Stitching the binding on the back

The burgundy is “flange/piping” part of the binding, and gets stitched to the back of the quilt first.  

Over 400 inches of binding going on.  I love those handy little clips.  I had enough clips to go 3/4 of the way around a king size quilt, which is fantastic.  That meant I didn’t have to stop stitching very often, and drag it all back to my big table very often.   

attaching the binding

This binding is what I call “Susie’s Magic Binding” and is my GO – TO style of binding.  I love the pop of color you get when you have that little flange showing. I also love that you can stitch it down entirely by machine.  Check out the tutorial at the link above.  I use my walking foot when attaching the binding and on this machine, I have an extra help with a special “ditch” foot for the walking foot, that keeps my stitching “in the ditch” of the burgundy fabric.

Manhandling a big quilt to put the binding on is no easy job. The “shipping weight” was 10 pounds, and I can attest to that fact that it is heavy! I had to set up my ironing board next to me to help hold the weight of the quilt.  I also had a table behind my machine table to support the weight.  I am so glad my machine is set in the table and I didn’t have to ‘lift’ the quilt. 

manhandling a large quilt

Stitching the binding

I did the “final” hand stitching yesterday, making certain the label was stitched down and that the sides and bottom of the hanging sleeve were attached.  I put some fusible behind the label to make it extra tough for someone to “remove it”.  Two edges are encased in the binding too.  

Ready to see it?  Here is the back — where you can really see the texture. (Note – those pillowcases were made using some of these backing fabrics)

Can you “see” my hanging sleeve at the top??  It matches the backing and pretty much disappears.  

back of the quilt

And this is what I told Carolyn was the “beauty shot”…..

king size allietare

Five years in the making and finally finished!!!  This is a Bonnie Hunter /Quiltville mystery quilt pattern and was presented in 2015.  The pattern is currently available at Bonnie’s store as a digital pattern – https://quiltville.com/shop.html#!/Allietare-Digital-Pattern/p/59334161/category=13038426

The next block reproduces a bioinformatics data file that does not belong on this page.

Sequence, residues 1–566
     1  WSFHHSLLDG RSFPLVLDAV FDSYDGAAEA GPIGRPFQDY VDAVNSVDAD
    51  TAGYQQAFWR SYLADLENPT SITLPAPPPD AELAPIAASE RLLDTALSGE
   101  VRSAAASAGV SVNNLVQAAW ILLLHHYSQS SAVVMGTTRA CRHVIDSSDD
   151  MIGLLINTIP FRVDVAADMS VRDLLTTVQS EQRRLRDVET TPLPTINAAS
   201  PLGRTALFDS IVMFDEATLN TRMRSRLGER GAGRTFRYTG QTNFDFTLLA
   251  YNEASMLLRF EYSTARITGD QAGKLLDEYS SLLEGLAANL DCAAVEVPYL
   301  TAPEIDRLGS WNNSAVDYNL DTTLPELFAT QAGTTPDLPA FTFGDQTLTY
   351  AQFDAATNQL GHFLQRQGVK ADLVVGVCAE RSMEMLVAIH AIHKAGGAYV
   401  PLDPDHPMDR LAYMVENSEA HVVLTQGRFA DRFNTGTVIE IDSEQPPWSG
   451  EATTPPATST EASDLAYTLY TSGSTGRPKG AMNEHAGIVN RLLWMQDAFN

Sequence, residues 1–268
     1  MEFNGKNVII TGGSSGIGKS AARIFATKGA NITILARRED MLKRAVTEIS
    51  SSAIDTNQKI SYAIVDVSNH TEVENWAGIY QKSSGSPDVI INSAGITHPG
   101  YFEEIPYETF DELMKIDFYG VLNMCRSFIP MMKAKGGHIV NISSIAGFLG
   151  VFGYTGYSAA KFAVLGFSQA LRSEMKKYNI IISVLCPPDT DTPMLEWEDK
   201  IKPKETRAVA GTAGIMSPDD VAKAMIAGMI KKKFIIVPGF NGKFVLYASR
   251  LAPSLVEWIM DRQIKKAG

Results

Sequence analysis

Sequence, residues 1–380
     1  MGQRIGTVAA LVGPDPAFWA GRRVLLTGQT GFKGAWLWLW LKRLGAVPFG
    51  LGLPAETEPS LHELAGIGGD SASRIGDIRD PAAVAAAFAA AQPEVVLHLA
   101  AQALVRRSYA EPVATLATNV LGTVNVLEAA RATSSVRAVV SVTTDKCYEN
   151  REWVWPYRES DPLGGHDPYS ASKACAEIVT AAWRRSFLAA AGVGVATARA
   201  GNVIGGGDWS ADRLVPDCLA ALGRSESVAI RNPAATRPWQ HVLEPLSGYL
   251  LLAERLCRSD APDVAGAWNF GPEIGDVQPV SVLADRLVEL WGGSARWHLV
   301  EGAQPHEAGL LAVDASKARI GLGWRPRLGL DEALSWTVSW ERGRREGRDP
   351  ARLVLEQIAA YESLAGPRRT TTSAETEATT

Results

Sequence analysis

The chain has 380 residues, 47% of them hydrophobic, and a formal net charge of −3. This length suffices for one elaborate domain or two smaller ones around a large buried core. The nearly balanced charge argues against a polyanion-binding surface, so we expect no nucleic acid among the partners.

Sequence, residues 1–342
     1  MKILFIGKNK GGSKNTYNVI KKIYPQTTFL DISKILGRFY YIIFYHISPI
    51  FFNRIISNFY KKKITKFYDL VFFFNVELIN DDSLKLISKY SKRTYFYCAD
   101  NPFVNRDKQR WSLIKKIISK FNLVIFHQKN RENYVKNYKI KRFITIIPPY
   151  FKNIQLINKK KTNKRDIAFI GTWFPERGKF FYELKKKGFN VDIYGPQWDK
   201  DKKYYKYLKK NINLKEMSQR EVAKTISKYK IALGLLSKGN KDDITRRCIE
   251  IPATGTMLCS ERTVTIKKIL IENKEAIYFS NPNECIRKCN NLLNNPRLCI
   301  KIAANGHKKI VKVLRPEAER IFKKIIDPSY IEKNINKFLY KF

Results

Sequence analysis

Want more details on my version?  Just use the search function for “ALLIETARE”  on my blog, and you will find all the previous posts. Be sure and check out this post and see why I chose the colors I did.  You will see a hint if you take a closer look at the label on the back of the quilt too. https://stitchinggrandma.wordpress.com/2020/06/03/progress-on-a-ufo-allietare-mystery-quilt-circa-2015-16/ 

What’s going on in your stitching life?  Any random acts of  quilting? 

A HOT time making masks

A Hot Time making masks – Having a heatwave in Delaware this past week, where outside temps are in the nineties every day. The humidity has been over 80% most days as well. I have a freestanding Haier air conditioner in my sewing room and it isn’t keeping up with the heat. Temps have been over 80 in my studio space all week. We live in a 117 year old house without central air and this morning, my kitchen a/c said it was 80 when I got up. Trying to sleep last night in the bedroom at 80 degrees was miserable. Our pool was 95 last night and I am ever so grateful for the brief downpour we had this morning, to add cool water to the pool, bring up the water level and cool off the surfaces, decking, roof and more. The morning temp dropped from 81 to 77 so that was quite nice. So, time spent in my sewing room studio above the garage is “weather dependent” right now.